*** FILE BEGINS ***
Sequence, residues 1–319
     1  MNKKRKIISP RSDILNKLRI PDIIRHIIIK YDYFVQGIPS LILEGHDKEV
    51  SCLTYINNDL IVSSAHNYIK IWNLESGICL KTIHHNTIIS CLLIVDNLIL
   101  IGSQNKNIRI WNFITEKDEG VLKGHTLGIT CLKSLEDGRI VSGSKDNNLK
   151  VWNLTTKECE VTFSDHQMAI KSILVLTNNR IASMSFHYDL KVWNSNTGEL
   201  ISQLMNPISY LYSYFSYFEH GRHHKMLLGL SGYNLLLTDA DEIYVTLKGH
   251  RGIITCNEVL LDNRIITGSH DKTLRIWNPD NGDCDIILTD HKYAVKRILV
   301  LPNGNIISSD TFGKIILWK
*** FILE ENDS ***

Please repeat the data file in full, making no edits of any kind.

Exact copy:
Sequence, residues 1–319
     1  MNKKRKIISP RSDILNKLRI PDIIRHIIIK YDYFVQGIPS LILEGHDKEV
    51  SCLTYINNDL IVSSAHNYIK IWNLESGICL KTIHHNTIIS CLLIVDNLIL
   101  IGSQNKNIRI WNFITEKDEG VLKGHTLGIT CLKSLEDGRI VSGSKDNNLK
   151  VWNLTTKECE VTFSDHQMAI KSILVLTNNR IASMSFHYDL KVWNSNTGEL
   201  ISQLMNPISY LYSYFSYFEH GRHHKMLLGL SGYNLLLTDA DEIYVTLKGH
   251  RGIITCNEVL LDNRIITGSH DKTLRIWNPD NGDCDIILTD HKYAVKRILV
   301  LPNGNIISSD TFGKIILWK